While dated with only hints of sex and no violence, this book is still a good read forty years after it was written. It begins with a graduate student possessing a nasty personality being killed by the inadvertent sniffing of cyanide during a research experiment. Given that the student was meticulous in his work and showed no suicidal tendencies, murder is immediately suspected. As a former and currently part-time academic, I found the description of academic politics and the push for rank advancement to be the most interesting part of the book. It seems clear that Asimov is describing some of his experiences in the academic world.
The main character is a competent instructor of chemistry whose only goal is to rise to the rank of associate professor, an aspiration that he has held for eleven years. It was his doctoral student who died and in an attempt to salvage his career, he embarks on a quest to determine what happened. Most of his actions are those that would normally happen during the course of his professional activity. The only difference is that now he is the logical suspect in what was obviously a murder.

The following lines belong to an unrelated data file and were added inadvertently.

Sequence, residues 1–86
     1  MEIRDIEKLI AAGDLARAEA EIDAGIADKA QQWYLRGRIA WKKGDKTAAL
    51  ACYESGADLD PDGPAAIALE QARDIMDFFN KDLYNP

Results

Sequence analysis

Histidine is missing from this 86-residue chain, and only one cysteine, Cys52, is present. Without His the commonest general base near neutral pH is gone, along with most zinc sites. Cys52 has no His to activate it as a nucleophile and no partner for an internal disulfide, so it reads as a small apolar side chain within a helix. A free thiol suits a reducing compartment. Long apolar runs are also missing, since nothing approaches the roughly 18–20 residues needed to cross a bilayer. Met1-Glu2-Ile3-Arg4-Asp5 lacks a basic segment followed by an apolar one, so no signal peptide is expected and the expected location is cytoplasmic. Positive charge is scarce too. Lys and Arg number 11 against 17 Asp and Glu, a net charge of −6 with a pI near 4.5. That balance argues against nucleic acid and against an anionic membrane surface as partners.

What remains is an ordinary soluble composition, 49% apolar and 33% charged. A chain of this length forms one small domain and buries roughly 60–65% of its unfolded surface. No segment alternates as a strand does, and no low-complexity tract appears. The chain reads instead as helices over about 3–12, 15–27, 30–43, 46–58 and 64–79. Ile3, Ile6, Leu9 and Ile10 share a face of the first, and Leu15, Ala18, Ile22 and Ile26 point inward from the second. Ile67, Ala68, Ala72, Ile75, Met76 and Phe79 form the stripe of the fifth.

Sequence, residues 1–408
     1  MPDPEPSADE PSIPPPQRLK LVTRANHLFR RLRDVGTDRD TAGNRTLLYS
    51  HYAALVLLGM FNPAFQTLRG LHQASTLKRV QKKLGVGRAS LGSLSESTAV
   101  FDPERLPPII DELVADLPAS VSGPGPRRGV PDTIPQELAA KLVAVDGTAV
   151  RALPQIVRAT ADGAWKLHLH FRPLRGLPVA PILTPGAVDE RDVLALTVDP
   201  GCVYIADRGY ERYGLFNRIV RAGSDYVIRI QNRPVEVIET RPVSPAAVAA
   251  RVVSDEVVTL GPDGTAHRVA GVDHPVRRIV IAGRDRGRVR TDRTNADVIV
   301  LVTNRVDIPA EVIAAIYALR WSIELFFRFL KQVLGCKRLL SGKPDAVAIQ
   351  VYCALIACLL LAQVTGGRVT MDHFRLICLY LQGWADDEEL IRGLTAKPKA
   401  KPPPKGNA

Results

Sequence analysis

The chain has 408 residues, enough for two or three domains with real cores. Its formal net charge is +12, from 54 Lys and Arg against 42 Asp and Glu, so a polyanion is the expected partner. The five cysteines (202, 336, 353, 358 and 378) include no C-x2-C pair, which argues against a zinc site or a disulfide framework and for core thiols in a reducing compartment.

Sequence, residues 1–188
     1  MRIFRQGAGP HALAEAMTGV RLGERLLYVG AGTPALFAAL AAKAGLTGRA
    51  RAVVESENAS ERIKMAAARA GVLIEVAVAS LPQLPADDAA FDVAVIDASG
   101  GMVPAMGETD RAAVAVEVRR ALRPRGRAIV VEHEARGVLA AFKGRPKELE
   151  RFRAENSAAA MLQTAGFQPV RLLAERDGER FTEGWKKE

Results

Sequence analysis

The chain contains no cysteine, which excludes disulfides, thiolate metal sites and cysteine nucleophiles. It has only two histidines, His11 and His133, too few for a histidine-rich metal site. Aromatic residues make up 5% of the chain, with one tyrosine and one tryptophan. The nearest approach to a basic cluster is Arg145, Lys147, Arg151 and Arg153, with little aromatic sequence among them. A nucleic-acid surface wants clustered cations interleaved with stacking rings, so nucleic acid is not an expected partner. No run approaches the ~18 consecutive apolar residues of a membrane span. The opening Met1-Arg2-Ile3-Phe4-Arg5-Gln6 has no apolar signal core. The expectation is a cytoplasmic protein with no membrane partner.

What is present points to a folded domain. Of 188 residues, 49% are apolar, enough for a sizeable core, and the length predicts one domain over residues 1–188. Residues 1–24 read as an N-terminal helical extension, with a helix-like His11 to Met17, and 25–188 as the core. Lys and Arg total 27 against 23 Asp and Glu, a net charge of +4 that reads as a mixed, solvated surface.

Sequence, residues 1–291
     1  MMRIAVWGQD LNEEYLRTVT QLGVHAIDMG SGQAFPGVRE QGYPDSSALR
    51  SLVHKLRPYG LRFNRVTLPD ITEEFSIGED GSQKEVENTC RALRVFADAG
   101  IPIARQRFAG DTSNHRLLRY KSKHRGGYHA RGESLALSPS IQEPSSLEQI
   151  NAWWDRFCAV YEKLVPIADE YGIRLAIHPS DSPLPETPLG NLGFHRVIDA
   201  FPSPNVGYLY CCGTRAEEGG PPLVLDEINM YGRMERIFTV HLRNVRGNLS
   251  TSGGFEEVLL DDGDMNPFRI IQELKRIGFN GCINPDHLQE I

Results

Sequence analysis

Included in the story is a dictatorial professor nicknamed Cap who is retired, but is legendary as a dictator who demanded that students work long hours, even during holidays. One wonders if this is also a description of someone Asimov encountered as a student.
I lent my copy of this book to a chemistry professor friend of mine and he enjoyed it as well. His comment is an excellent way to end this review. “It was nice to read a story that combines a well-designed mystery with the nastiness and pettiness of academic politics. I t brought back memories of my time as a graduate student.”